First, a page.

The dungeon designs are subpar. They generally look decent, with environments tying into each character’s backstory, but as they become more complex they become more irritating. Trying to hunt down specific distant doorways after pulling a lever, deliberately falling into pitfall traps to land in a new section of lower levels and cryptic puzzles all pop up to do their part in stalling a player’s progress.

At one point I was confronted by a puzzle involving throwing an item onto a distant pressure plate that I completed correctly, only to have it bug out and refuse to open a nearby door despite an audio cue triggering to suggest that something had opened. This resulted in wandering around for an hour wondering where the hell I was supposed to be going, only to later repeat the same solution out of frustration and have it work as intended. This was admittedly a one-off bug, but given my enjoyment was already at a complete low it felt like the game was spitting in my face.

Coming from the people behind Danganronpa, I’d assume that the storyline is probably the main attraction for most players. It does have potential from the outset, but it’s hamstrung by the fact that I grew to loathe most of the cast very quickly. They’re either boring or annoying — the minute one of them revealed his quirk of saying “that’s love” and making a heart shape with fingers at idiotic times, I prayed for a roaming pack of wolves to show up and rip him to bits on the spot. The translation may be top notch, but most of the characters certainly aren’t.

Zanki Zero: Last Beginning_20190418141330

Zanki Zero leans heavily into the pasts of the cast as the story progresses, loosely attributing one of the seven deadly sins to each character, and these are usually so ludicrously awful and exploitative that it’s almost impossible to take them seriously. It’s like each one is competing for the ‘Most Inhumanely Dreadful Backstory’ award, but they’re all winners.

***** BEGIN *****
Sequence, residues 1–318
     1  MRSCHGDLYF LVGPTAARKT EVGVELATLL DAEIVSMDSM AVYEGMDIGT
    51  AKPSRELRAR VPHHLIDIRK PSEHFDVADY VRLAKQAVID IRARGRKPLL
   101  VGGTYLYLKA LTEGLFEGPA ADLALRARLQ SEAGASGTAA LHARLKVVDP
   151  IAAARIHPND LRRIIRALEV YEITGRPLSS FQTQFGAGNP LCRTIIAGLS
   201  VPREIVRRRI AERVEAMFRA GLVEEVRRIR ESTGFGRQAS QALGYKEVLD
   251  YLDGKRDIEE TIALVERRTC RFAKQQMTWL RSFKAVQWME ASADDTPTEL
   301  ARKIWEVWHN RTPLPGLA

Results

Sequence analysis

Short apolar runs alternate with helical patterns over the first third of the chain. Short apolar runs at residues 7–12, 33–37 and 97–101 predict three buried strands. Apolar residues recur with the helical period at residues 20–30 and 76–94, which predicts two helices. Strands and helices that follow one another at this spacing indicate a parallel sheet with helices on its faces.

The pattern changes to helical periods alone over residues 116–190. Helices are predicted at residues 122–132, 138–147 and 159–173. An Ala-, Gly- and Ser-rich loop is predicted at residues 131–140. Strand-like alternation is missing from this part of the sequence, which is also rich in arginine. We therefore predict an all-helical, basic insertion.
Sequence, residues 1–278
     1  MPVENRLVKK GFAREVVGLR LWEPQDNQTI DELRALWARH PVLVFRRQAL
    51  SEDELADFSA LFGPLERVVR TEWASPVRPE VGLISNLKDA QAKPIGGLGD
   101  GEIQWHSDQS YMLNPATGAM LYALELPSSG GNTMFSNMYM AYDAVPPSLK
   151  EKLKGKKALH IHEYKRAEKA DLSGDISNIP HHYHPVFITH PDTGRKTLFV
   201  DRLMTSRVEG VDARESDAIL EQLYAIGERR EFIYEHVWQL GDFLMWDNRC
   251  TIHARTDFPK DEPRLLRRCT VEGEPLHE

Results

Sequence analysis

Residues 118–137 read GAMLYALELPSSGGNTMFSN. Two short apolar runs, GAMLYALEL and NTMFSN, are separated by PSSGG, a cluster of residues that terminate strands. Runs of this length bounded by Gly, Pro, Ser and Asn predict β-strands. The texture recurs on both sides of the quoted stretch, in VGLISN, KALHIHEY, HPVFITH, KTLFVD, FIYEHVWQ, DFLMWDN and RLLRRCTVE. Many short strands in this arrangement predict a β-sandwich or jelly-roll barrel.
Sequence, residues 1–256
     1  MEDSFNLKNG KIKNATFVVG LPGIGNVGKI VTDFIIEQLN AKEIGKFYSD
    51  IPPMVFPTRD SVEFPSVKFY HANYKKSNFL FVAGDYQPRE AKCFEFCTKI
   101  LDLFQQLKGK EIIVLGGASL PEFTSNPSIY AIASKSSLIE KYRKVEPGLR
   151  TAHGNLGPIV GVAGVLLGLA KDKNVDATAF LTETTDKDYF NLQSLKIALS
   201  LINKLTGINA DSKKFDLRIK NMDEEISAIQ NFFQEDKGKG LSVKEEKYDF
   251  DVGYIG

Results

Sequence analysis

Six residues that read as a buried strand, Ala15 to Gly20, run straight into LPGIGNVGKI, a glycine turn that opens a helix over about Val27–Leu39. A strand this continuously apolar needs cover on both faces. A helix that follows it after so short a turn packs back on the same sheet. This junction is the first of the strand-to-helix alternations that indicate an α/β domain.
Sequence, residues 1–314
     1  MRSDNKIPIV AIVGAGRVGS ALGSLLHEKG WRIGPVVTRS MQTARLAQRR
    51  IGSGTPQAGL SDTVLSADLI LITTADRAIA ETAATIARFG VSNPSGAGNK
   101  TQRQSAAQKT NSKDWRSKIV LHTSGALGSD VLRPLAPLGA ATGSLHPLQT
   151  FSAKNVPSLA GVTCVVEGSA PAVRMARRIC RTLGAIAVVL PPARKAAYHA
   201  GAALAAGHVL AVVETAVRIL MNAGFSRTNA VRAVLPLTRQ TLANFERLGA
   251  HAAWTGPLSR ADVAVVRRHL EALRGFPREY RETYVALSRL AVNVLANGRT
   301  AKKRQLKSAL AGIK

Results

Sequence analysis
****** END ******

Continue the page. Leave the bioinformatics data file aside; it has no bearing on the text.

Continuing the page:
Zanki Zero: Last Beginning is a bit of a disaster. It looks nice on its surface, but the initially-promising setup soon devolves into complete drudgery thanks to inferior dungeon crawling, poor combat and a cast I had no empathy for whatsoever. My interest in the overall mystery got snuffed out long before it was solved.

Rating: 3.5 out of 10

Disclosures: This game is developed by Lancarse and published by Spike Chunsoft. It is currently available on Playstation 4 and PC.This copy of the game was obtained via publisher and reviewed on the PS4 Pro. Approximately 37 hours of play were devoted to the single-player mode, and the game was completed. There are no multiplayer modes.

Parents: According to the ESRB, this game is rated Mature and contains Blood and Gore, Partial Nudity, Sexual Content, Strong Language and Violence. I don’t want to spoil the particulars of any character’s past, but some of them are absolute shitshows.  

Colorblind Modes: There are no colorblind modes available in the options.

Deaf & Hard of Hearing Gamers: While the game should largely be fine, there are audio cues when puzzles are completed or enemies are skulking nearby. It may make some of these instances a little trickier to discern.

Remappable Controls: No, this game’s controls are not remappable.

Darren Forman

Darren Forman

Spawned in the wilds of Scotland like some random MMORPG enemy whose sole purpose is to be hunted down and slaughtered for loot, young Darren spent the first fifty years of life eating bark and bears alike in a desperate bid to survive the elements.

The chance discovery of a muddy, burnt out copy of '50 Shades of Grey' in a hunting pit gave him an appreciation for complex plots, characters and overarching narrative, and the unexpected gift of a Spectrum 48k allowed him to indulge in these newfound sensibilities with intelligent, highbrow games such as 'flee from the badly animated spinning turquoise dolphins' or 'avoid the deadly glowing bricks of doom'.

The fusion of both these interests finally culminated with Darren teaching himself how to write by basically guessing at what words might look like when jotted down on paper as opposed to being howled inarticulately at the skies.

Now others occasionally get to read his scribblings. Lucky them.
Darren Forman